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Neil Jordan, Canadian Hero


 

And here are the winners of tonight’s Gemini Awards. The big news is that while last year’s award for Best Drama went to The Tudors, an international co-production with very little Canadian involvement, this year’s award went to The Borgias, an international co-production with very little Canadian involvement. Basically, British shows with some Canadian money invested.

You can argue about what even constitutes national artistic identify in a world of big co-productions, and of course, rules are rules: if a show qualifies for the Geminis, it’s hard to argue that someone who thinks it’s the best of the nominees shouldn’t vote for it. But these productions aren’t really relevant to the Canadian TV business, its present or its future. Call Me Fitz, which lost the Best Comedy prize to The Rick Mercer Report, is an example of what Canadian writers and technicians can do; so are Canadian-made dramas that air on U.S. networks, and so are kids’ shows like Mr. Young, whose U.S. rights were just sold to Disney. We can argue that these individual shows are good or bad, and that Canadian shows should be doing more of this or less of that. The Tudors and The Borgias aren’t made in Canada or by Canadians. That doesn’t make them bad, it just means that they’re not really part of that conversation, any more than U.S. shows filmed in Vancouver (which at least showed off and developed the technical standards of Canadian production). At most they’re part of the conversation about big period TV epics and whether they’re good investments.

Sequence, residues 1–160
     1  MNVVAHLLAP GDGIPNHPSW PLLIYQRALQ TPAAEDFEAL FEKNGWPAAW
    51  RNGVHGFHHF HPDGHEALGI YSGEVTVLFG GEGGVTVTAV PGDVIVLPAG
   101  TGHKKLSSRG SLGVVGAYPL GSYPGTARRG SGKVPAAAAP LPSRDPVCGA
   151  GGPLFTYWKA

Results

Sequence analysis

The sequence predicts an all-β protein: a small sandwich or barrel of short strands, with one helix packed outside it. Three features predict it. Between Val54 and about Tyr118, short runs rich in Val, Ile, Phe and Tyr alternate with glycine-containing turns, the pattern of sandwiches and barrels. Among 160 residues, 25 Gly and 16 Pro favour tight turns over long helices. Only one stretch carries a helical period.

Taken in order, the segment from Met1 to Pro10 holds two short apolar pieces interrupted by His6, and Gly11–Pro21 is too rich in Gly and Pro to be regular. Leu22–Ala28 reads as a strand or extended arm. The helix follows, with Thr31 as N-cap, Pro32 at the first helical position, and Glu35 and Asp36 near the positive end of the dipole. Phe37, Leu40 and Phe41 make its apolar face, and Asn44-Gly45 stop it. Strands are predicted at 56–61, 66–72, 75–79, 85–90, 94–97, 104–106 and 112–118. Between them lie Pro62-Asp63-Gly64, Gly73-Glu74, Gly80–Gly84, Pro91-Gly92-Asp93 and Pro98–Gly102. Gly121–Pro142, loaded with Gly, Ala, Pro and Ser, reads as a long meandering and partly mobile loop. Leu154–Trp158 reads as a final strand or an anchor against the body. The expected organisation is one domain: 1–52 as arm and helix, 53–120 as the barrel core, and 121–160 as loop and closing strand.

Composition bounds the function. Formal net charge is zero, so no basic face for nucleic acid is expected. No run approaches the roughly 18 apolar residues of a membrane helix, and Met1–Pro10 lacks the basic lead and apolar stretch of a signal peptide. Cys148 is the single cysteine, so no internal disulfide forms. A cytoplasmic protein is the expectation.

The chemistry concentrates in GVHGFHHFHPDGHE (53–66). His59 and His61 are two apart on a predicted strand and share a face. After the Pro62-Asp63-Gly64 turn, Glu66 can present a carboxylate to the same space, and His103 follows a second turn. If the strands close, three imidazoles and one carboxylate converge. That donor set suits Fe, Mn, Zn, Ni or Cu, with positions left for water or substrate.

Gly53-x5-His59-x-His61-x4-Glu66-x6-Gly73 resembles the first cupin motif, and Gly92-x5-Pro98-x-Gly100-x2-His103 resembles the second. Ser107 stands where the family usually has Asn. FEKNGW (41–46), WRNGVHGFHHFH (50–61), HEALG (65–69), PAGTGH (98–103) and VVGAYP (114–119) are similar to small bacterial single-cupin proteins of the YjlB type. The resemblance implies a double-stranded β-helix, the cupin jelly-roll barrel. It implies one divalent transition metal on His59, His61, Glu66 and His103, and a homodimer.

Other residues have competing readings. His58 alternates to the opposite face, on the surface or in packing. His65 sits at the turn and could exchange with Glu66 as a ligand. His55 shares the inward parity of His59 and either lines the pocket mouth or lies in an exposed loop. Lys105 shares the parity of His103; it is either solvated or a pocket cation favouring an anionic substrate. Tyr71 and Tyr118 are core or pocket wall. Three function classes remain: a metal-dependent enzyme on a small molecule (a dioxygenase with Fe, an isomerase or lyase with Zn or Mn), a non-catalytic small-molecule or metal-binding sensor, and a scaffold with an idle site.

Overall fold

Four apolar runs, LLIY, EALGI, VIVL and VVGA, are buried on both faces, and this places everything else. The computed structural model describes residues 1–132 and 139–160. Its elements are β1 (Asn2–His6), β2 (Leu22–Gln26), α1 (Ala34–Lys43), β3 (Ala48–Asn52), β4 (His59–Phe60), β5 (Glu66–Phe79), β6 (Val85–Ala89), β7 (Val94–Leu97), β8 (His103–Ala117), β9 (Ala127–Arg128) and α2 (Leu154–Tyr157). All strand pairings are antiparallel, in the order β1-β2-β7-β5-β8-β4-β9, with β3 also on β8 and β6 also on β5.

On the comedy side, having weekly story shows and sitcoms competing against variety/talk shows still seems a bit odd.


 
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Neil Jordan, Canadian Hero

  1. The tiny size of the homegrown TV indiustry here means either we include all the “made-in” or “coproduction of” shows, or we just don’t bother having Gemini awards. The quality Canadian shows, when they finally air, run for 8 or 10 episodes, switch nights, are regularly pre-empted or are cancelled because of “poor ratings’ (see beginning of sentence). So, “Intelligence’ gets axed, while “Generic Cop Show with either Flash or Blue in the Title’ gets renewed.

  2. It is not just Canadian money that is involved with shows like The Tudors and The Borgias. Both of these productions employ hundreds of key Canadian talent which include actors, directors, producers, editors, directors of photography, costume design, special fx crews, sound crews, mixers and composers to name a few. All of the post production work on both of these shows brought hundreds of jobs in to Canada. 

    • These shows did NOT bring “hundreds of jobs in to Canada”.  There may be hundreds of jobs in the production phase, but certainly not the post-production phase.  While there may have been some Canadians involved in production, these shows brought at best, a few dozen jobs to Canada & Canadians.

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